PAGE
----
In Lewis Carol’s, Alice in Wonderland, he tells of the meeting between two of his characters, Alice, and the Mad Hatter. Carol writes about the struggles the young girl Alice has with him due to the fact that he appears to be entirely crazy, though the question stands if there is some method to his madness. Playwright and actor, William Shakespeare, uses this controversial connection between real madness and loss in his play Hamlet, portrayed in his characters Hamlet, and his crazed actions towards his loved ones, in Ophelia and her reaction to the death of her father, and lastly, in his character Laertes and his quick, rash reaction to act upon his desire for revenge.
Of the only two female roles in Hamlet, Ophelia, exhibits the greatest symptoms of madness after the death of her father, Polonius. She falls into a strange state of mourning, where she is lost in her own little world and those who try are unable to make her re-aware of her surroundings. Usually a well put together woman, she now disregards her outward appearance, beginning to look disheveled and unkempt. Crazily and aimlessly, Ophelia mindlessly sings songs of love and loss. While speaking to Horatio, the King urges him to “Follow her close, give her good watch, I pray you.” (4. 5. 79) The importance of this quote shows that the royal court is very much concerned about Ophelia’s well being and state of mind. To do anything without supervision may cause harm to herself, so the King is sending Horatio to watch over her. Sadly, we soon find out that Ophelia ends up falling in the river and drowns. She had climbed onto a branch to hang garlands of wild flowers on the tree and fell off into the river. While floating, she continued to sing madly, and since she does not...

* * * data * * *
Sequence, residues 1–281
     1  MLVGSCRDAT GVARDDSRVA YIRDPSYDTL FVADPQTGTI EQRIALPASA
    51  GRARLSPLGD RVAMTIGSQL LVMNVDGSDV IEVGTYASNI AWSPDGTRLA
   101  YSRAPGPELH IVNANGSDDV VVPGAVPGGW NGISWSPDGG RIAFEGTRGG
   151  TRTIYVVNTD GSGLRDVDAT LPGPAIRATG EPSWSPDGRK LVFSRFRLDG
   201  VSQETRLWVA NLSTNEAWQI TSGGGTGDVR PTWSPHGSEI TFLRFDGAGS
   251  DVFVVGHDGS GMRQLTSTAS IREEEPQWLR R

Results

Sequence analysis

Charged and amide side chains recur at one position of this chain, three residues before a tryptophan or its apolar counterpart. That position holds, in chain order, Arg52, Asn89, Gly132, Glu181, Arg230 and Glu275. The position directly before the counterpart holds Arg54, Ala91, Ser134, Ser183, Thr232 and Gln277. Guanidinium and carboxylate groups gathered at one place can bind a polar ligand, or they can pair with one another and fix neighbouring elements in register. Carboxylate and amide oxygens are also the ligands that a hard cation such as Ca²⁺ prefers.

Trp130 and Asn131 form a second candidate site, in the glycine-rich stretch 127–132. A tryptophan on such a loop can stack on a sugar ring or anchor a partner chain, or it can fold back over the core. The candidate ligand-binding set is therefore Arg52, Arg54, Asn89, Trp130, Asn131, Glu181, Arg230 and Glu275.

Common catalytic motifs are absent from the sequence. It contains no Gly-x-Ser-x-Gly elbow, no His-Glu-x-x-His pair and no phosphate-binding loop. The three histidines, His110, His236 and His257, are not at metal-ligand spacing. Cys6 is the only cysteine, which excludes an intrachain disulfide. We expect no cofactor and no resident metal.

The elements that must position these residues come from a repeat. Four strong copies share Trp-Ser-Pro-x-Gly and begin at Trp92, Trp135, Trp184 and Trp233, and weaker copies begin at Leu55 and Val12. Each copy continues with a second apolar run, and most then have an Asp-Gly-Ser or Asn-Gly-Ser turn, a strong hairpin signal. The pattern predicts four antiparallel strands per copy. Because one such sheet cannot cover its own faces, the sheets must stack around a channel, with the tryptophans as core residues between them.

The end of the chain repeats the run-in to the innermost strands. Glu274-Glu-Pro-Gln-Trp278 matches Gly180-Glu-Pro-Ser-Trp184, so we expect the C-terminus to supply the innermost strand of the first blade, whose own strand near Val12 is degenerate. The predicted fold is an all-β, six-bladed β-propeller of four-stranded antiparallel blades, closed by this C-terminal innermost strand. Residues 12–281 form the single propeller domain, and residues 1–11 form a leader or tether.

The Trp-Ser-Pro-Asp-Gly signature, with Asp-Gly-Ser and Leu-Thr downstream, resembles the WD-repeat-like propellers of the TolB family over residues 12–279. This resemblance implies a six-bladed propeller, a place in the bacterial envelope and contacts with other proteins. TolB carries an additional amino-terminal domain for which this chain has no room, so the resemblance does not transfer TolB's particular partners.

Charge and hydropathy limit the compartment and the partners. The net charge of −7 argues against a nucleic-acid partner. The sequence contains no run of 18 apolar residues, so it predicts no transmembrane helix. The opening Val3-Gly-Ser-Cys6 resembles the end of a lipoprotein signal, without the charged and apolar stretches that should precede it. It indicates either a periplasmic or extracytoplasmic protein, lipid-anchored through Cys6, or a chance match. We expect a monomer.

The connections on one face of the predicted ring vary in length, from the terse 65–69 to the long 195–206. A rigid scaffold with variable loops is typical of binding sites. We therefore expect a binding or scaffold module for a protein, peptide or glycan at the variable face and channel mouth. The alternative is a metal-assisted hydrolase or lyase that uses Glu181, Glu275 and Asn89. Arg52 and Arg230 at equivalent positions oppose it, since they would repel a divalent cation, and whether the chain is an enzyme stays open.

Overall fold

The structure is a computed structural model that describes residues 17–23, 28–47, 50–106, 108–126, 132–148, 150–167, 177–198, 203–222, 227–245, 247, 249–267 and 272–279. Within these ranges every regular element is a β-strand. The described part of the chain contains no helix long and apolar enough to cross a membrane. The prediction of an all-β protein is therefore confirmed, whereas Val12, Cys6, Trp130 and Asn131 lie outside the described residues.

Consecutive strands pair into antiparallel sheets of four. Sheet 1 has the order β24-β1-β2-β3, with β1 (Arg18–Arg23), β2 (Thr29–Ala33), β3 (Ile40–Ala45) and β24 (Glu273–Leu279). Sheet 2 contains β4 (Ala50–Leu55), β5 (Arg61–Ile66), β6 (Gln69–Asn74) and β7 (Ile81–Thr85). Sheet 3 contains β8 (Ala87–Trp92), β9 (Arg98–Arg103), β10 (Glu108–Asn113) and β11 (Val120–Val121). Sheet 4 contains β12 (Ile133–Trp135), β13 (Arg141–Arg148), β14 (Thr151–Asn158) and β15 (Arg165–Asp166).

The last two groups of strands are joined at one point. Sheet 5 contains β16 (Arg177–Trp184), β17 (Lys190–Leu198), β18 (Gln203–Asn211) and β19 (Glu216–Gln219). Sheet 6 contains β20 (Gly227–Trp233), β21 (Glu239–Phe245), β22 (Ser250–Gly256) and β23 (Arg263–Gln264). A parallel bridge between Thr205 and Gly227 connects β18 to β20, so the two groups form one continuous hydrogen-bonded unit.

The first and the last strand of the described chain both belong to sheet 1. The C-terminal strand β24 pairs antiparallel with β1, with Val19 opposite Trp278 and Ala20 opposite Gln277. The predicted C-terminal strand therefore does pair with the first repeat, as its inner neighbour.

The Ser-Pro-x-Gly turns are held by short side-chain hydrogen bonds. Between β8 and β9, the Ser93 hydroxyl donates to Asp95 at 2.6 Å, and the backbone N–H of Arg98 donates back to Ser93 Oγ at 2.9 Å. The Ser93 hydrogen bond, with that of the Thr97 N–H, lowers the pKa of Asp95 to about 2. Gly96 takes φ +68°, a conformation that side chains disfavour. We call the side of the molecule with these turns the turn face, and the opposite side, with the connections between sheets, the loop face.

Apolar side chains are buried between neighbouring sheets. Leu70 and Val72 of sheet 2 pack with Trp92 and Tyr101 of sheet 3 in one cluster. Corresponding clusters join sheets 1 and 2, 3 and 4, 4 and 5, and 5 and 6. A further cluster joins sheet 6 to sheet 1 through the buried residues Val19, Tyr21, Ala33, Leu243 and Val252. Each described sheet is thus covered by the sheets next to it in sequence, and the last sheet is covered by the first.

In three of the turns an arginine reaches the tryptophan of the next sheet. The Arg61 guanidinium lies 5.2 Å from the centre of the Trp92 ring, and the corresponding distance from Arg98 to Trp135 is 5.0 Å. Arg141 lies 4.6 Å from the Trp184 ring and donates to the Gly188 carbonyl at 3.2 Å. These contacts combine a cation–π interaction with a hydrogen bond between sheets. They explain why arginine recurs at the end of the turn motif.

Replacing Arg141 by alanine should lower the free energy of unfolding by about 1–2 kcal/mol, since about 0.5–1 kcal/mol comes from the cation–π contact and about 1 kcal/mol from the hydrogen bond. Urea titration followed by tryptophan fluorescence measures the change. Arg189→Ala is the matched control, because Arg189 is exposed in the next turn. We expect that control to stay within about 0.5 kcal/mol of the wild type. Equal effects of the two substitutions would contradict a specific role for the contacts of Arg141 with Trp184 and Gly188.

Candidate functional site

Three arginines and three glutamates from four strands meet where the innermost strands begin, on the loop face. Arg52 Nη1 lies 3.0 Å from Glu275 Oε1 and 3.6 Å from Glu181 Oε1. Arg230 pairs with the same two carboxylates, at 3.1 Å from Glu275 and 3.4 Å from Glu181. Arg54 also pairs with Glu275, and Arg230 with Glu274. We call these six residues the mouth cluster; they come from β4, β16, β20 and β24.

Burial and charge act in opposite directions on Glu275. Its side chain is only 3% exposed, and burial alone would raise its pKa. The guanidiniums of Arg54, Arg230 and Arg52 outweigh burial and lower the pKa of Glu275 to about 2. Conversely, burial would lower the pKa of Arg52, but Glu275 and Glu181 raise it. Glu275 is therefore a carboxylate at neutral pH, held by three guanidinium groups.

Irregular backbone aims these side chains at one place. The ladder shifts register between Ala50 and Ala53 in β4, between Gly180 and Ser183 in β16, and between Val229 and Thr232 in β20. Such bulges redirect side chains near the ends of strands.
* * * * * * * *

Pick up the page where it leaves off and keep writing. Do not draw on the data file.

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The controversy of real madness versus feigned, and the connection between loss and madness, is detrimental to the plot of Shakespeare’s Hamlet. The quickest take over of madness is exhibited in Hamlet’s love interest, Ophelia. The most important example of madness is shown in Hamlet after his meeting with the Ghost and his plot for revenge upon his uncle. The most unexpected example of madness is in Laertes who in a fit of rage loses all gentleman like qualities and almost upsets the kingdom. All of these characters add up to the idea that to lose someone a person cares about dearly, ultimately ends in losing one’s composure and going mad. If we take away anything from Shakespeare’s play, it should be that each of us should think over our decisions prior to making them to insure we don’t have the same fate as the characters stated above.
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